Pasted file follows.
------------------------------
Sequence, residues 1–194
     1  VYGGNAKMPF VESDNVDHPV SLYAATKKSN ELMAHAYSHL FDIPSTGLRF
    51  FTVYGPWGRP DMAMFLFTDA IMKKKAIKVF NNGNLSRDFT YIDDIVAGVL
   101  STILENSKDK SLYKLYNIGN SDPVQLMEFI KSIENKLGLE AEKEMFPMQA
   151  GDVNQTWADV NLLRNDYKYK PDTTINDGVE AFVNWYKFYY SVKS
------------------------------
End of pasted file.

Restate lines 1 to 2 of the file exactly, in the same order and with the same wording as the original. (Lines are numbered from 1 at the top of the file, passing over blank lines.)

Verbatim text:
Sequence, residues 1–194
     1  VYGGNAKMPF VESDNVDHPV SLYAATKKSN ELMAHAYSHL FDIPSTGLRF